|Sanding furniture clip||So now it's time to sand the furniture, and the goal here is to remove any varnish or lacquer that's on the wood surface, making it easier for the primer to adhere. So you need to start with 100-grit sandpaper to remove any glass. Then finish with a 120- to 220-grit sandpaper to make the surface really, really smooth. FYI, the higher the grit number on the sandpaper-- in this case 220-- the softer the finish, while the lower the grit number-- in this case 100-- the rougher the surface. Now a little word to the wise. If you're refinishing a large piece of furniture, you might want to use a palm or hand sander so that your hands don't get too tired sanding all day long. And remember, always sand with the grain, never across the grain, and worse never in a circular motion, because ultimately what that'll do is it'll show scuffs when you finish the piece.|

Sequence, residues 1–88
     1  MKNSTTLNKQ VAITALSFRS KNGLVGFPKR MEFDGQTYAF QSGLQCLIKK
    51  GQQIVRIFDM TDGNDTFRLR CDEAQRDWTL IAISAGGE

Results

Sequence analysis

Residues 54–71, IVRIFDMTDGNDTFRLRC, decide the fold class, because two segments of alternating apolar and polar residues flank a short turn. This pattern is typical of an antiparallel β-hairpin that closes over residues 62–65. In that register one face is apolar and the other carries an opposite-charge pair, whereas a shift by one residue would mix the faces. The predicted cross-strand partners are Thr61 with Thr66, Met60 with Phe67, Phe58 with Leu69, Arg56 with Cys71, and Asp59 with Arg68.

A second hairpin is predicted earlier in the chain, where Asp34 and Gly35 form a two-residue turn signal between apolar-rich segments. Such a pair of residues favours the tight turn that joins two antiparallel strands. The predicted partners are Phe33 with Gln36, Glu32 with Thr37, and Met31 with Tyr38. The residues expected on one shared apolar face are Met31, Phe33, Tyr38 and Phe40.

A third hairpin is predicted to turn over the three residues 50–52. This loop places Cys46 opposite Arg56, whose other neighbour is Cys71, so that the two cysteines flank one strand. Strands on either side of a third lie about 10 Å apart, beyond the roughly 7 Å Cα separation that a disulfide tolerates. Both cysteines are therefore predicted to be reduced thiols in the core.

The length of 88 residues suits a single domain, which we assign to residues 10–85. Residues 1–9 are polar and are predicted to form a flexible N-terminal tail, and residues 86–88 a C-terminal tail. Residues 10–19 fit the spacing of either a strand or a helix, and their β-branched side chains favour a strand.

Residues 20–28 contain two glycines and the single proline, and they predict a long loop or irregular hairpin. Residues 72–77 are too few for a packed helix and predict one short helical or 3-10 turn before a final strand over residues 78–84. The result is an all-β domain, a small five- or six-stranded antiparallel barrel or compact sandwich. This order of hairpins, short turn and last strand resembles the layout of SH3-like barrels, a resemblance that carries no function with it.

|Woman talking||Now if your piece has scroll work or other detailed indentations, make sure to sand those areas by hand just enough to be flush with the rest of the piece. Now this really could take some time, but do me favor. Don't rush it. Remember, good painting is all in the prep.|
|Sanding furniture||Now if your piece is a laminate, you want to use a really fine sandpaper and only move in one direction. What we're doing is we're creating a way for the paint to bond. And you need to start with a high-adhesion primer. Last thing after you're done sanding, always wipe down the piece with a damp rag to remove any of that excess dust and debris.|
|Woman talking||Next if you want your coat of paint to adhere evenly to the wood or to the laminate, and for the paint job to last a long time-- and honestly who doesn't want it to last a long time and to look good-- well, you need to use a really good-quality primer before you paint.|
|Paint can clip||I'm using Dunn-Edwards Ultra-Grip Premium multi- purpose primer.|
|Priming furniture clip||To apply an even coat of primer, all you need is a paint brush and a mini roller. Gently brush along the corners, edges, and hard-to-reach areas. Then use the mini roller to hit those wide-open spaces like this. And be sure to use your paintbrush to feather out those rural areas for a smooth, even finish. Once the primer has completely dried.|